Why is information from the grand jury kept secret?

No cooperation with grand jury: Chelsea Manning arrested

Chelsea Manning (@xychelsea) has been back in jail since Friday. Known internationally for her disclosure of thousands of documents about US war crimes in the Middle East and later convicted, the whistleblower had refused to testify in a secret trial before a grand jury in the United States. Although she had been granted immunity, that did not change the activist's decision. She refuses to work with a secret court in principle, reports her support network.

On March 8, Manning was asked to comment on her failure to testify two days earlier, in a secret session before a grand jury in Virginia. In terms of content, it was about events from 2010, about which the former member of the army had already testified in the course of her own legal proceedings in 2013. She passed on secret military documents in 2010, was charged the same year, held in solitary confinement for months during the trial and ultimately sentenced to 35 years in prison by a military court under the Espionage Act.

At its core, today is a secret investigation by the US Department of Justice into Wikileaks and the military documents published on the platform. At least that much Manning could say about the interview last week. In 2013, however, she had already given detailed written information to the court.

What is particularly noteworthy about the current investigation is the fact that it is apparently intended to proceed with Wikileaks against the publisher of the documents. That affects the freedom of the press. In the United States, there is currently no precedent for opposing the publishing platform itself rather than whoever may have disclosed the classified material in contravention of the law. No publishing director or editor has been prosecuted for this, for example not even the renowned New York Times, which also reported on the secret documents in 2010.

Do not cooperate with a secret court

For her conviction that she would not cooperate with a secret court and that she would not testify behind closed doors, Manning had already announced before the appointment on March 8th. And so it happened: she was arrested on Friday for refusing to testify. The court said Manning would remain in custody until she gave her testimony or the grand jury finished their work. The term of imprisonment could be up to 18 months plus a further six months as an additional penalty. There is, however, a third way of escaping imprisonment: if the appeals Manning's legal team are trying to appeal are successful.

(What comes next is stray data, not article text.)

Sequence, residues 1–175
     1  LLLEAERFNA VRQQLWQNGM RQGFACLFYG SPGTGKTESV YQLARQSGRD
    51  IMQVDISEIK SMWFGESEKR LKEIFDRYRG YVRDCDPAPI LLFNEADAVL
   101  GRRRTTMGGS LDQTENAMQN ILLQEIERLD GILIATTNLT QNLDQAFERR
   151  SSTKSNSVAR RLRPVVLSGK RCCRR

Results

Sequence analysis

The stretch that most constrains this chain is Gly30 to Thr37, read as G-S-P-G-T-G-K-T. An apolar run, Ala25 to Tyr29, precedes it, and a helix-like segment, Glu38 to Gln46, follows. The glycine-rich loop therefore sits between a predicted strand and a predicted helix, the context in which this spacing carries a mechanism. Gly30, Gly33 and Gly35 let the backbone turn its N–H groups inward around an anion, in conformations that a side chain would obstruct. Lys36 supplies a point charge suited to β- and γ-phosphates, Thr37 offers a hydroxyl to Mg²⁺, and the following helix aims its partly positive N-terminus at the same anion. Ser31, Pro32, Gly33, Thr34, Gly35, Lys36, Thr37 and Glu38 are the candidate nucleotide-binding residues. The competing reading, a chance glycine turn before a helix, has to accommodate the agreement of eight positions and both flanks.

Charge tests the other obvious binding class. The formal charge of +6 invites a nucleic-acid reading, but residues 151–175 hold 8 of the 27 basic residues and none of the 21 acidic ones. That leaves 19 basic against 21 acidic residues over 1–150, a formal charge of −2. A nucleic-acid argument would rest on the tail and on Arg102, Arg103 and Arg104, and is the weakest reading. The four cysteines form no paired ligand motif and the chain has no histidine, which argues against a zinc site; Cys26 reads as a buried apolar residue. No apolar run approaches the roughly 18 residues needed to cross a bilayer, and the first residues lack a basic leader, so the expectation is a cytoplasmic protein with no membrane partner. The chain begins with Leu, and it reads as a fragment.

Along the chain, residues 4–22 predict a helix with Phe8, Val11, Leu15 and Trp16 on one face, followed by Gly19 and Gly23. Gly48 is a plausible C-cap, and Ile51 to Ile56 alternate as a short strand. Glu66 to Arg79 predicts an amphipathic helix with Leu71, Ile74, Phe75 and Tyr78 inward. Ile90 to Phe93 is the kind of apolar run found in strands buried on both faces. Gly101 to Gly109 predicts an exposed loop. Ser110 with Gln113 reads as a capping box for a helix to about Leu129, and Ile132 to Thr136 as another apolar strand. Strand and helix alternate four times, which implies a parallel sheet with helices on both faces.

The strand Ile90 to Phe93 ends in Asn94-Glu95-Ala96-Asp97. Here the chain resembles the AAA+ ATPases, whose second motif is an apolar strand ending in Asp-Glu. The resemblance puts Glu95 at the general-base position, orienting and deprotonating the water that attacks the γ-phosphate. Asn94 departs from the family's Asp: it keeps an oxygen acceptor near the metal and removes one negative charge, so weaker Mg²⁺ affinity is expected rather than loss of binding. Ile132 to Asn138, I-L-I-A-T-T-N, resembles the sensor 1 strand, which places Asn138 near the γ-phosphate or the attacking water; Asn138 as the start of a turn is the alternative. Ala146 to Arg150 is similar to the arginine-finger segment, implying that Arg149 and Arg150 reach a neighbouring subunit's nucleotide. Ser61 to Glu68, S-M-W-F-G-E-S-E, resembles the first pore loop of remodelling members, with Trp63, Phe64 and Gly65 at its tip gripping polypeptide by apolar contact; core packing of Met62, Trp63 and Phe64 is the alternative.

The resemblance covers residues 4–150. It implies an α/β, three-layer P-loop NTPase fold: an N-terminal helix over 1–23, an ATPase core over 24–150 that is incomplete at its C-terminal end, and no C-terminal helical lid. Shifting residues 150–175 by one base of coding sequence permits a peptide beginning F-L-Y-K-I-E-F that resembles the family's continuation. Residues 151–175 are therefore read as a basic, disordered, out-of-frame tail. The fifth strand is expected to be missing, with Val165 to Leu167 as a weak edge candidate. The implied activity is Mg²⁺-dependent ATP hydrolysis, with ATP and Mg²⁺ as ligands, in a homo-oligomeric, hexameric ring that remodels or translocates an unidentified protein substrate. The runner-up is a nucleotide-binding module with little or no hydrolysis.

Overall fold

After all, Manning is the source of journalists and also of Wikileaks, who with a new testimony would be obliged to testify against their former confidential cooperation partners. So maybe the chances are not so bad that legal appeal against incarceration could be successful. Since this is a secret process, much of the content of the investigations and hearings is not certain, but rather speculation. In such preliminary proceedings, a grand jury decides whether or not charges will ultimately be brought against the accused.

Before the election of Donald Trump as US President, one of the last official acts of the outgoing Barack Obama was to commutate and commutate Chelsea Manning's remaining sentence in January 2017, so that the whistleblower and current human rights activist could leave prison a little later .

During her imprisonment, the many letters she received had, according to her own statements, strengthened her back under very stressful circumstances. Manning supporters are again calling for mail to be sent to the Virginia jail. The letters must be handwritten on white paper. Cards or parcels are not allowed, nor are any paintings on the envelope. The adress is:

Chelsea Elizabeth Manning
William G. Truesdale Adult Detention Center
2001 Mill Road
Alexandria, VA
United States

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About the author


Constanze Kurz has a doctorate in computer science, author and editor of several books, most recently on cyber war. Your column "From the engine room" appeared from 2010 to 2019 in the features section of the FAZ. She is an activist and volunteer spokesperson for the Chaos Computer Club. She carried out research at the Humboldt University in Berlin at the chair “Computer Science in Education and Society” and was an expert on the “Internet and Digital Society” commission of inquiry of the Bundestag. She received the Werner Holtfort Prize for civil and human rights engagement, the Tolerance Prize for civil courage and the Theodor Heuss Medal for exemplary democratic behavior.Contact: constanze (at) netzpolitik.org (PGP).
Published 03/11/2019 at 1:33 PM